The West Highland White Terrier, or Westie, was born in the mid-19th century. According to a legend, a Cairn Terrier breeder in Scotland inadvertently got white puppies in his litter. Those white puppies were then bred specifically to become the West Highland White Terrier breed. The Westie would therefore simply be a white Cairn Terrier.

A variation of this legend states that the Westie was bred from Cairn White puppies and Scottish Terriers. This was done so that the dog, which was used for hunting, would not be mistaken for a fox.

The AKC (American Kennel Club) originally registered the Westie in 1908 under the breed name Roseneath Terrier. In 1909 the name was changed to the West Highland White Terrier.

The Westie has short legs and averages between 10 and 11 inches tall. A healthy weight for these dogs is between 15 and 22 pounds. They have small, balanced, sturdy frames and relatively short tails. As its name implies, the West Highland White Terrier is always white. They have a double coat to keep them insulated and protect them from bad weather. The top coat is usually about two inches long, hard, and straight, and the undercoat is thick and smooth.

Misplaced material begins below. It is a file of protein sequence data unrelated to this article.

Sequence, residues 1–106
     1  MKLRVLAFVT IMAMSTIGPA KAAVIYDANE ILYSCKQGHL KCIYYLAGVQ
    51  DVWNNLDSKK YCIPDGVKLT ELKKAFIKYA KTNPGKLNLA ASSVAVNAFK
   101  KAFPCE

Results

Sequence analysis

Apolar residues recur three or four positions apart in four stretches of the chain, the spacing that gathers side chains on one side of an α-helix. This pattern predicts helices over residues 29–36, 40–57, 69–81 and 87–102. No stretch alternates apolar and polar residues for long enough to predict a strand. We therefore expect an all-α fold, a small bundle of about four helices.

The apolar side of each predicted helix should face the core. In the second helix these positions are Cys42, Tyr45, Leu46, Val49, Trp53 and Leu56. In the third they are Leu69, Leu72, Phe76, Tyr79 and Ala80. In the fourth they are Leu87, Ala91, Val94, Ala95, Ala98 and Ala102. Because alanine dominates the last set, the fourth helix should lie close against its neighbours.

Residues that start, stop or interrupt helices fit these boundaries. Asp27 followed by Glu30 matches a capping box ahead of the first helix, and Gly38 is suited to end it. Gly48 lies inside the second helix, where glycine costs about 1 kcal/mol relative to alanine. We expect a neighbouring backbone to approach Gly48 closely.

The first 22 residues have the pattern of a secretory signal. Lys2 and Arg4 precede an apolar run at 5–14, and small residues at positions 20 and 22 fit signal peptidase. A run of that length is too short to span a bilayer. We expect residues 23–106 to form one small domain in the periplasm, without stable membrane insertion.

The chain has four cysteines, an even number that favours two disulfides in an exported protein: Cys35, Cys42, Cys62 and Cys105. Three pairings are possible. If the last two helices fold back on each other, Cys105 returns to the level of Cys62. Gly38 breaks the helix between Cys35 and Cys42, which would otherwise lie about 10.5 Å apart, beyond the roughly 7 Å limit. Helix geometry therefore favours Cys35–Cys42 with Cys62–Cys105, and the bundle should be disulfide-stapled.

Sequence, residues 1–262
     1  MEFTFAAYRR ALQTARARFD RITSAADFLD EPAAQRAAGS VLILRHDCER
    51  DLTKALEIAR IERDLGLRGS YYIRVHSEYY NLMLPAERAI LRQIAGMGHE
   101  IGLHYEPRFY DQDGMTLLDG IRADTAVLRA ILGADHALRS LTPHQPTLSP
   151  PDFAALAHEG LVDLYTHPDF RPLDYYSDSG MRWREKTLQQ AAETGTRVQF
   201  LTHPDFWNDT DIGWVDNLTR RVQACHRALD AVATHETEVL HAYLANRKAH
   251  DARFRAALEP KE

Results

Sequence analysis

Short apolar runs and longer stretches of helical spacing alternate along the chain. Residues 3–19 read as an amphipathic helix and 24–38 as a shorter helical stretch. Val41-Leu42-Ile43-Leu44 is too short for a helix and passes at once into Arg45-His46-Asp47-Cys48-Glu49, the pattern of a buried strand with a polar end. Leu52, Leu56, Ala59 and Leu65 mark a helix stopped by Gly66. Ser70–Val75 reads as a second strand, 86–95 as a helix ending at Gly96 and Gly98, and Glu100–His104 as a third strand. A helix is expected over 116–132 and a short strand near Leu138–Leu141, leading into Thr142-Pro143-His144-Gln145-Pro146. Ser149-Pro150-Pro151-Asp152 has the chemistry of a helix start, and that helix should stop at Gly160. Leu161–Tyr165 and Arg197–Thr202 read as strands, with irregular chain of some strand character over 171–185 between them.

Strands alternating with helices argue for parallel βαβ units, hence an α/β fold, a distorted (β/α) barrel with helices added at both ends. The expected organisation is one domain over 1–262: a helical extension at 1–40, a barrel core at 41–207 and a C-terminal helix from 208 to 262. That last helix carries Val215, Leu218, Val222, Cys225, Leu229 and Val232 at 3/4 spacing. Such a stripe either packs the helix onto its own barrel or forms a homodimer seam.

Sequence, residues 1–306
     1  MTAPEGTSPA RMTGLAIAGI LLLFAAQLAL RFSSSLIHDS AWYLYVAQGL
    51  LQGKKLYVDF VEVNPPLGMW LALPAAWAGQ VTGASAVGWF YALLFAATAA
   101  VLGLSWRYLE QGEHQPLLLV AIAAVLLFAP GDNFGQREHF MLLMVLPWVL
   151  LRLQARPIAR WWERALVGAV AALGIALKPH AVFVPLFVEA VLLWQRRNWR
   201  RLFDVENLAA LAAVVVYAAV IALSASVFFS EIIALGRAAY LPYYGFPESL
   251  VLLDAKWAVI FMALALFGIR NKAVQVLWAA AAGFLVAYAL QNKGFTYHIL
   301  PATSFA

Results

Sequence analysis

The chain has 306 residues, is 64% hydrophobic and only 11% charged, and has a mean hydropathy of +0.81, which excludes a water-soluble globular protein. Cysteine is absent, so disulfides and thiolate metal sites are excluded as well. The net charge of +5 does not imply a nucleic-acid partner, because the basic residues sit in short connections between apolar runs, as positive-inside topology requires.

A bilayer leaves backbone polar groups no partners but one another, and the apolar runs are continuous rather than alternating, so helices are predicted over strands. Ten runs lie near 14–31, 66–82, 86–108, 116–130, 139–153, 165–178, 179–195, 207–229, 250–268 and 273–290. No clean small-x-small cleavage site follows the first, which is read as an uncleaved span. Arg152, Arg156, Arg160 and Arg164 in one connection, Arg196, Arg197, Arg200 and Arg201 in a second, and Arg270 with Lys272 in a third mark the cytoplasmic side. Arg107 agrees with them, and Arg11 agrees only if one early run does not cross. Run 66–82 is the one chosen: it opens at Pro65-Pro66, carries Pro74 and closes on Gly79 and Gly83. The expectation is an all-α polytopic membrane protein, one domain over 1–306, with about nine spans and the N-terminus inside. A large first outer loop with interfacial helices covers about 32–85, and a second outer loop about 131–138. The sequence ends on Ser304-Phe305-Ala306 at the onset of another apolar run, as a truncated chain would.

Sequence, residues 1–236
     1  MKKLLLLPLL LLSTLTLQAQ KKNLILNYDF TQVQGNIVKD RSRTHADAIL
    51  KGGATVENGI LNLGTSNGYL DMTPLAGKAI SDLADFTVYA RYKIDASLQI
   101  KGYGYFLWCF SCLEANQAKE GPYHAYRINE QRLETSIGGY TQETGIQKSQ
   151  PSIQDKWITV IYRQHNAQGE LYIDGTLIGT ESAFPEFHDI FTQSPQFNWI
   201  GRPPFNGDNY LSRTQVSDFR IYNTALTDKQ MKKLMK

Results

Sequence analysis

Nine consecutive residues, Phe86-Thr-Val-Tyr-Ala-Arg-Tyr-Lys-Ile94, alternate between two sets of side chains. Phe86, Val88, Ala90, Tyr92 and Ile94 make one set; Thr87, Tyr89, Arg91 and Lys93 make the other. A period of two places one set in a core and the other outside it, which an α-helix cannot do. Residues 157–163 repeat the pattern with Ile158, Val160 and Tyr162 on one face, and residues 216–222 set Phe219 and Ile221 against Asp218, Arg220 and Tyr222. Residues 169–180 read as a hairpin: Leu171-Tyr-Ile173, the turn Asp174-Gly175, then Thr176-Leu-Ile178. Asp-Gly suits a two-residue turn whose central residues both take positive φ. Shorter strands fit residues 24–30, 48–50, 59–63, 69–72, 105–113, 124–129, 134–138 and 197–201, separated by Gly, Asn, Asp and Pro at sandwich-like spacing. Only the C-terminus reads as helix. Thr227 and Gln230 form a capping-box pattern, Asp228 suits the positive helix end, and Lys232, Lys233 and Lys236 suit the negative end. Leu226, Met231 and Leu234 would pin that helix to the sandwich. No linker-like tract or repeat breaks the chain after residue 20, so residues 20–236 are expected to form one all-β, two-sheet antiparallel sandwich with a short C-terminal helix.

The West Highland White Terrier is easy to care for. Despite their long fur, they are light throwers. All that is required is regular brushing with a soft bristle brush and occasional trimming of the hair around the eyes.

Most Westies are not lazy lapdogs. They tend to be very energetic, curious, intelligent, alert, friendly, and brave. Westies crave attention and activity. If left alone for long periods, they can become restless and get into mischief. This breed loves to dig and can be destructive to gardens and flower beds. Westies also tend to enjoy the sound of their own voice. While they don’t usually bark just for the sake of it, they will bark to announce visitors or outdoor activities. This makes them excellent watchdogs.

West Highland White Terriers have a natural hunting instinct. Your initial reaction to seeing a squirrel or bird will probably be to chase it. Even a well-trained Westie can be unpredictable. For this reason, Westies should always be kept inside fenced yards or on leashes.

The Westie is normally a healthy breed, although he can be prone to chronic skin problems. Their life expectancy is 14 years or more.